"The second you think somebody else cares more about your safety than you do... you're in trouble"

The best part is, you can substitute in other things for safety too. (success, future, children, equipment, code, etc) But this is what we have a hard time with in our culture. People don't want you to get hurt, but on a farm, there's not usually a guy whose job it is to go around making sure everyone is safe - it's everyone's own job. You may not think it, but this can be very frightening. And it extends into quality of work - if you're only doing a good job so someone will come by and say "man, you did such a great job weeding that onion patch for 9 hours" you're going to be even more disappointed than you were when you found out you were going to have to weed the onion patch for nine hours.

I guess I'll call it here, as this is getting out of hand, but don't be so quick to call the unemployed wimps - it's insanely difficult work (gets better after a week or so) and it's a very daunting lifestyle that most comfortably employed people would similarly poopoo.

Also, there's a surprising amount of paperwork involved in farming (especially organic certification) and I've been brainstorming a way to use technology to alleviate some of that burden - if you're interested, email's in my profile.




> there's a lot of bending over and kneeling down - which I think we are becoming worse at as a species

I don’t think this is true, in general. Hard manual labor, combined with poor diets and poor healthcare left our ancestors with wrecked bodies by age 45–50.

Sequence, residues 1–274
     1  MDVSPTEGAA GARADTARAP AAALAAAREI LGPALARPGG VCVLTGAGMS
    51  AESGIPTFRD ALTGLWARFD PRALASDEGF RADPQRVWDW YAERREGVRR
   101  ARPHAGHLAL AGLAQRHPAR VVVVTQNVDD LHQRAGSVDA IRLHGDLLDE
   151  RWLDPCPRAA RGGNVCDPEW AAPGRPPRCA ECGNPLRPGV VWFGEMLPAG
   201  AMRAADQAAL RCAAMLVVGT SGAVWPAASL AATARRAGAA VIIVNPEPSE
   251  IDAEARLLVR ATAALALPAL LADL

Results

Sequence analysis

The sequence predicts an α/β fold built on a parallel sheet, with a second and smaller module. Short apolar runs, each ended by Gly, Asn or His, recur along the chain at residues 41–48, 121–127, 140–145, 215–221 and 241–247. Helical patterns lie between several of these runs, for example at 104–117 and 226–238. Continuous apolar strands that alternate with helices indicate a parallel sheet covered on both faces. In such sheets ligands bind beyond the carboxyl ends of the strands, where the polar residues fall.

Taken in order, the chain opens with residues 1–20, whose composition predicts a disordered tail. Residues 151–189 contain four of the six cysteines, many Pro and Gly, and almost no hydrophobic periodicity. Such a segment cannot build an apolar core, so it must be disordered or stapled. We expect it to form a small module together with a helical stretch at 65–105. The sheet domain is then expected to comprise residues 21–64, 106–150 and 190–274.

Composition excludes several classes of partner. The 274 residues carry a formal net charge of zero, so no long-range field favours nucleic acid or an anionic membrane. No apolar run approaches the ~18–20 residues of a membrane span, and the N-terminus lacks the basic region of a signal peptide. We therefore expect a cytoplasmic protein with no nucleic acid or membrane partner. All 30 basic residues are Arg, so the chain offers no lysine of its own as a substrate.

Well, you might be right that overweight people can’t bend over or kneel down as easily as fit people. But the main thing stopping fit people from kneeling down a lot is that it's unpleasant (and we have neat inventions like ubiquitous chairs), not that we're less inherently capable than in the past.

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I've never worked on a farm, but my family purchases our meat and dairy products directly from a local farmer (who farms in the manner Joel Salatin--that is, he is a grass farmer). One benefit of buying this way is that we have gained an understanding of just how difficult farming is. Listening to him talk about weening a hundred calves, or caring for his animals over the winter under several feet of snow, or dealing with the heat in the summer helps me appreciate the work and his desire to farm in a sustainable way. Personally, I'm glad my kids get to experience it, since it's unlikely they would get an appreciate of the work it takes to produce good food otherwise.

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Having trouble to reconcile your comments about no talking allowed with my own experience growing up on a farm. Listening to the grownups constantly talking and bantering is really a key part of my own memories. I wonder if this is more because we were a family farm that shared labor with the neighbors, and you were on a commercial farm, or because we were growing mostly tobacco as a cash crop, which provides endless time to chat (and listen to the radio) while one's hands are busy grading the tobacco (and as a "bonus" you get a contact nicotine high (which I first experienced around 9 -- back to your points on safety)). I'm sure that people shut up when doing nasty chemical spraying, and I remember tobacco cutting was a very intense job that left no energy for talking, but all day with no time for talking? Yipes.